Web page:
A Safety, Risk and Environment Manager
Q: Where are you based?
A: Dalrymple Bay Coal Terminal, Port of Hay Point near Mackay QLD
Q: Can you explain what your role entails?
A: Lead a full service, strategic Safety, Risk and Environment function that partners with the business divisions in formulating, designing and implementing contemporary health, safety, environment and quality strategy, policy and practice.
Q: What sparked your interest to work in the resources sector?
A: I had been in government roles assessing and auditing resource industries and wanted an opportunity to gain an understanding from being “inside the fence” to see if I could influence greater, make more meaningful changes for the industry, workers and environment.
Q: Was there someone/something that inspired you to pursue your current career?
A: Advice from my mentors have definitely contributed to where I am today but also having the support from my family and friends.
Q: Can you explain the pathway you took to your current job?
A: I completed a Science degree with an Honours project researching the impacts from gold mining which led to further research in water management issues in the Murray Darling Basin before moving to Queensland and taking up a role in the State Government to regulate industries under the legislation, including the resources sector where I am now proud to be a link in the supply chain to provide our high quality coal to countries all over the world for manufacturing and power generation.
Q: What challenges do you face in your job?
A: Working in the enviro field at a coal terminal that ships through the Great Barrier Reef World Heritage Area and being in the coal industry in a regional area are definitely challenges that have shaped my passion for showcasing how far the coal industry has come but also how much further our coal terminal has gone and is keen to go to keep improving.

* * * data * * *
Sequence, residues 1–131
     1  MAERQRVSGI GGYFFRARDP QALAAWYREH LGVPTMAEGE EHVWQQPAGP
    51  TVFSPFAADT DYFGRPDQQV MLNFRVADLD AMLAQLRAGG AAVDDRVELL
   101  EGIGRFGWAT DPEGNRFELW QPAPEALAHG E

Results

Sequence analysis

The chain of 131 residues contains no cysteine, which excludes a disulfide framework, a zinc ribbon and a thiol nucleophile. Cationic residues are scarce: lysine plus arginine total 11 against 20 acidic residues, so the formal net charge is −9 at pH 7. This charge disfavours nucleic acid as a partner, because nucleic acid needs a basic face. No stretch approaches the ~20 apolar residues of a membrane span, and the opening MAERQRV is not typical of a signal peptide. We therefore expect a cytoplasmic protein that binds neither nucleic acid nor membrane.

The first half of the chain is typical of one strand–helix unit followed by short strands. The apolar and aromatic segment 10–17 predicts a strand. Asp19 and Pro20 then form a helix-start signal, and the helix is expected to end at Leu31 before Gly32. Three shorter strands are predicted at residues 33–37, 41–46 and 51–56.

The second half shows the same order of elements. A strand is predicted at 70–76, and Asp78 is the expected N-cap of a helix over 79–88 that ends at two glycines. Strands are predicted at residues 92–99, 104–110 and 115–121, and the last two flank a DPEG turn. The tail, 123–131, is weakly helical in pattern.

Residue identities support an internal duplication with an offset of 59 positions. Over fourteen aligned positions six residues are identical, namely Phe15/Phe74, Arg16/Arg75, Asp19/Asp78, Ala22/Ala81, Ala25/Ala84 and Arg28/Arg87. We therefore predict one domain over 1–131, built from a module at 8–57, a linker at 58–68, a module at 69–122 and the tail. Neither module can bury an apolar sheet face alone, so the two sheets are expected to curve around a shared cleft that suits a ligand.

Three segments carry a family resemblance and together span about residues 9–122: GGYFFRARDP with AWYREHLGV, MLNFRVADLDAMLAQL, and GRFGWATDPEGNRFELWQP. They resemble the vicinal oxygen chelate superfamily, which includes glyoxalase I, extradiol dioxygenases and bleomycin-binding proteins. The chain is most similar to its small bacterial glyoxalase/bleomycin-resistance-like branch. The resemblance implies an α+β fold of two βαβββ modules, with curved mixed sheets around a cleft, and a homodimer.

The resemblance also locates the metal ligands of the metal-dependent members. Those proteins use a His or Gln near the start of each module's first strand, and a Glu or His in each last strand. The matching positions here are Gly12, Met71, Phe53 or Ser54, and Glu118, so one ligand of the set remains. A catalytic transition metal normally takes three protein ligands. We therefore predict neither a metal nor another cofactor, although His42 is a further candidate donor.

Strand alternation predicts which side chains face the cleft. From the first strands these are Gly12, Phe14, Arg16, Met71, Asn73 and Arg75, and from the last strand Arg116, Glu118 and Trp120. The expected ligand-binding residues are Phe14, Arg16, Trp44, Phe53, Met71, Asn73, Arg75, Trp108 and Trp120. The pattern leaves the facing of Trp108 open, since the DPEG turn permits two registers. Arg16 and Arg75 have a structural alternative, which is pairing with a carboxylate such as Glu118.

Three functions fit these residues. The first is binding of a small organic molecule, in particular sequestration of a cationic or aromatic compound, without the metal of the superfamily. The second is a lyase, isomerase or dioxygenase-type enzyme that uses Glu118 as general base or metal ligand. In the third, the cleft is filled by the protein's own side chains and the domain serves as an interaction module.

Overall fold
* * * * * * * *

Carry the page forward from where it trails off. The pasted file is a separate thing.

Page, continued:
Q: What do you enjoy about your job?
A: Working with so many different people from all walks of life – from hosting Uni students on tours, meeting with Senior Regulators in Brisbane, talking with community groups, workers on site who are keen to learn – all for the greater purpose of gaining knowledge to improve our business and the resource sector’s performance.
Q: What has been your experience being a female employed in the resources sector?
A: I don’t see my gender as being either a negative or a positive issue for me to be able to interact with other workers to do my job.
Q: If there was one key message that you would leave with students considering a career in the resources sector, what would it be?
A: Seize opportunities – don’t overthink whether you can do it, are good enough, what it will lead to… And find someone who will be your mentor to guide you through and be a sounding board when you need it.